It is an antique that outperforms all the newer models: The first issues of The New England Journal of Medicine were peeled off a hand-operated letterpress in January 1812, and two centuries later it remains the oldest continuously published general medical journal in the world, and the most prestigious.
Like all print media, medical journals tremble for their survival these days, but no one at The New England Journal seems worried. Its website makes liberal use of pictures and videos, purposely
Actual numbers back that claim: A measurement called the Impact Factor (devised in the 1960s to quantify a journal's prestige by tallying citations of its articles) has landed The New England Journal firmly on top of the pile for years. Of all the country's hundreds of medical journals, why has this one soared? “Some of it was luck,” said Dr. Jeffrey M. Drazen, the current editor-in-chief. “But I like to think that all the editors in chief have had the same passion for good science” that attracts high-quality work. Dr. Drazen recently read through all 200 years of the journal in honour of its bicentennial — an education in both medicine and communication, he said. Simple narratives were fine for announcing dramatic breakthroughs — like articles introducing the stethoscope, in 1821, and ether anaesthesia, in 1846. But now that most studies describe only incremental improvements in treatment, reports are far more complicated, detailed enough for sub-sub-specialists yet pragmatic enough for general doctors. And members of the public? For the time being, at least, they're on their own. “As patients become more sophisticated, they're welcome to read the journal,” Dr. Drazen said. “But we're not going to start defining our terms.” — New York Times News Service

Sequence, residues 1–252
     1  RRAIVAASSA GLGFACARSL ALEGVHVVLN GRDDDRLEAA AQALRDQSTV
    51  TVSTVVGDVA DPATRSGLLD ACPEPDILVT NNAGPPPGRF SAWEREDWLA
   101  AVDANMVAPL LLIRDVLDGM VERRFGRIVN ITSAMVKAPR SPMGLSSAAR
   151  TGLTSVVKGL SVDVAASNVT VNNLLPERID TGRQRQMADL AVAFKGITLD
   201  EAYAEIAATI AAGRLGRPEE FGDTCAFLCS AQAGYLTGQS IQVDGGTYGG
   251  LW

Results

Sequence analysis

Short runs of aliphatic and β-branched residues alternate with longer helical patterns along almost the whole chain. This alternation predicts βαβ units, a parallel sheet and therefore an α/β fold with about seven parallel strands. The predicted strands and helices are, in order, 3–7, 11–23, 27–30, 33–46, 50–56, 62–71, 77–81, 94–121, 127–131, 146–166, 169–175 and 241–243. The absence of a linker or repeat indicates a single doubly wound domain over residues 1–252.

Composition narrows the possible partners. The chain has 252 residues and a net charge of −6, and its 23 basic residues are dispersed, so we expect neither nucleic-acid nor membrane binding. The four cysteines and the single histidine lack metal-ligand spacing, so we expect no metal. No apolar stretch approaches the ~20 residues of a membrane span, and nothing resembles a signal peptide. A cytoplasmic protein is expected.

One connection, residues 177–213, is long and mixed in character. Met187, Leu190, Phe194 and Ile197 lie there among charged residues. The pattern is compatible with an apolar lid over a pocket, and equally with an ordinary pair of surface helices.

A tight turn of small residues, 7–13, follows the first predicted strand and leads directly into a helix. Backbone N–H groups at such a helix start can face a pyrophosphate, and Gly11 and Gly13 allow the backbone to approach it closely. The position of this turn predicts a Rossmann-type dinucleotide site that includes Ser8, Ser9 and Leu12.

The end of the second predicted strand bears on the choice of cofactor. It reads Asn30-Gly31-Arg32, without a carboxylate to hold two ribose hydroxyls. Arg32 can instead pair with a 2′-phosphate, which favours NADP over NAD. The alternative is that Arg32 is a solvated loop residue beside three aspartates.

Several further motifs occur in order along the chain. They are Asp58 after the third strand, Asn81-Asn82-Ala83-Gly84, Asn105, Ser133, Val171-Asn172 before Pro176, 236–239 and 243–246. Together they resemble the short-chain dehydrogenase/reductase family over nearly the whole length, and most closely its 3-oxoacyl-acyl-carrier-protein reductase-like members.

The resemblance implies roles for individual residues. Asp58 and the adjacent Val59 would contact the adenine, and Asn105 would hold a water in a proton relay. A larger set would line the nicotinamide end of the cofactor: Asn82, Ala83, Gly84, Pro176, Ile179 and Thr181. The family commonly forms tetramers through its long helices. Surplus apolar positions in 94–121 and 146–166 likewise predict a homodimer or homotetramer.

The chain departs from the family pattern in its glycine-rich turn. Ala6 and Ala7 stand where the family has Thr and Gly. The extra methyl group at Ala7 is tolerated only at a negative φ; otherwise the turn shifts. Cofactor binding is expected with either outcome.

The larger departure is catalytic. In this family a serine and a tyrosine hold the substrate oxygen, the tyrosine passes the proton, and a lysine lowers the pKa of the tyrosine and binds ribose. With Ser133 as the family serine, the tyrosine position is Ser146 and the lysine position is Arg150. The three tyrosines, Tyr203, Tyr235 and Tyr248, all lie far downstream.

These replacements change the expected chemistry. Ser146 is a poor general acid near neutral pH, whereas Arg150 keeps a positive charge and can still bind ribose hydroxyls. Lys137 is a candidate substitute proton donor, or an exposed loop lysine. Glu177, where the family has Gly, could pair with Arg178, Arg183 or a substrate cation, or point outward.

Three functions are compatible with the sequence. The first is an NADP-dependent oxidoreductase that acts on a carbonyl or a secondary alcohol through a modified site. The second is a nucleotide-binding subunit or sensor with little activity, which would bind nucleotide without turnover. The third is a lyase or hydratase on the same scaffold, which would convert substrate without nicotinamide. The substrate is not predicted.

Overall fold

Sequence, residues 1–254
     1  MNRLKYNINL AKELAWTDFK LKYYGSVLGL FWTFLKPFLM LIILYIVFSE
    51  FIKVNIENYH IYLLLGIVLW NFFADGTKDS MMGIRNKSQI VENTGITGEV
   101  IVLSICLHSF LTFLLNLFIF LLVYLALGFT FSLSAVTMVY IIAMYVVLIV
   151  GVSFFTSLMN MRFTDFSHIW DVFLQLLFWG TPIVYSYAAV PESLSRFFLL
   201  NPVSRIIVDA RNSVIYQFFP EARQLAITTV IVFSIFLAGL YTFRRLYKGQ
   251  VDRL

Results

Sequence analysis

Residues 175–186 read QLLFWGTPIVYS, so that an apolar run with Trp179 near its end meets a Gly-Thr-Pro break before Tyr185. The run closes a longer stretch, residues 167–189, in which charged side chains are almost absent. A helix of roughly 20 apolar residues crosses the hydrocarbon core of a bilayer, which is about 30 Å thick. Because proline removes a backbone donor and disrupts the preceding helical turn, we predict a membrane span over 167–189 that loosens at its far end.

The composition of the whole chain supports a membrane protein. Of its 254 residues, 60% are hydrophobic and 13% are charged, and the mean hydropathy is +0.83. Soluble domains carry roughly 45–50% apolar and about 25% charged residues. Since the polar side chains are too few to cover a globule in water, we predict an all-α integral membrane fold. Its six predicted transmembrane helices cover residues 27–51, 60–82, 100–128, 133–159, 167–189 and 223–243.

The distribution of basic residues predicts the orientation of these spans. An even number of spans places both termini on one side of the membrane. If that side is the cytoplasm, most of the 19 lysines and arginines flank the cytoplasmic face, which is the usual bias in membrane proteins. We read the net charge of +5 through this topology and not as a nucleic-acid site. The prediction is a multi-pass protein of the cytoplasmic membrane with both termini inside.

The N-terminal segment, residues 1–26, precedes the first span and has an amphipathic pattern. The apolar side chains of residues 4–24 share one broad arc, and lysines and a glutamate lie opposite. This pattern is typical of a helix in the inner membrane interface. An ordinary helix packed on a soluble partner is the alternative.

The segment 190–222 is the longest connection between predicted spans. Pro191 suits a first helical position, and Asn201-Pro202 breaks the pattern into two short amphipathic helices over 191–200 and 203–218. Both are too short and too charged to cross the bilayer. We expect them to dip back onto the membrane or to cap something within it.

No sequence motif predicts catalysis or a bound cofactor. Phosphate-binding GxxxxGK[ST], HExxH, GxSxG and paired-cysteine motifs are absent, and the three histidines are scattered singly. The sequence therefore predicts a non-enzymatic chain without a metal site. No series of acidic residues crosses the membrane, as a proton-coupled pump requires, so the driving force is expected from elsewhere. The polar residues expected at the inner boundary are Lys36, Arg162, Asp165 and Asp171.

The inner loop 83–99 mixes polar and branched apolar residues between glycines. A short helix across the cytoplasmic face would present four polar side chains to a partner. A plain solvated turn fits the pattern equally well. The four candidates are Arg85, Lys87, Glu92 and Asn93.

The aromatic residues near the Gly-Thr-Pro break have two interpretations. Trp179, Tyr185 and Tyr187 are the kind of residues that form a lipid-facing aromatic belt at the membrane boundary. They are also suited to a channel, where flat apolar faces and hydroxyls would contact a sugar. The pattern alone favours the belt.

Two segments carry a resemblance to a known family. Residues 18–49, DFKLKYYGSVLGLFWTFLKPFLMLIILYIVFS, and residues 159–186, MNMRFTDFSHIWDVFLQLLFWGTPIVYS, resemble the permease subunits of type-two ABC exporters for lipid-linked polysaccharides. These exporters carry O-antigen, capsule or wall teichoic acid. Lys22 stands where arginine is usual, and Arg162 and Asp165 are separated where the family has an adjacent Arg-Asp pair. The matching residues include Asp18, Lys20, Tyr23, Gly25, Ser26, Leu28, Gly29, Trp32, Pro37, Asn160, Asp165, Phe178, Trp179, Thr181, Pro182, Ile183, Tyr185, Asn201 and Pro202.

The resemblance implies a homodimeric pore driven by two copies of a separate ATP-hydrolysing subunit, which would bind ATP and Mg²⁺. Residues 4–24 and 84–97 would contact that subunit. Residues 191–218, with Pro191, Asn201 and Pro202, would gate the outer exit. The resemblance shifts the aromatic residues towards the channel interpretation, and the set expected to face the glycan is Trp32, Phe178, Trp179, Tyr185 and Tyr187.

The New England Journal of Medicine remains the oldest continuously published general medical periodical.